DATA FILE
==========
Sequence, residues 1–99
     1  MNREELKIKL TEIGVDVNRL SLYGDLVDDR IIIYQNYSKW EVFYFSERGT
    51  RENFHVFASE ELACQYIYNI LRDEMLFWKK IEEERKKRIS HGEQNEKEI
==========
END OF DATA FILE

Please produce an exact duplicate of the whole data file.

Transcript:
Sequence, residues 1–99
     1  MNREELKIKL TEIGVDVNRL SLYGDLVDDR IIIYQNYSKW EVFYFSERGT
    51  RENFHVFASE ELACQYIYNI LRDEMLFWKK IEEERKKRIS HGEQNEKEI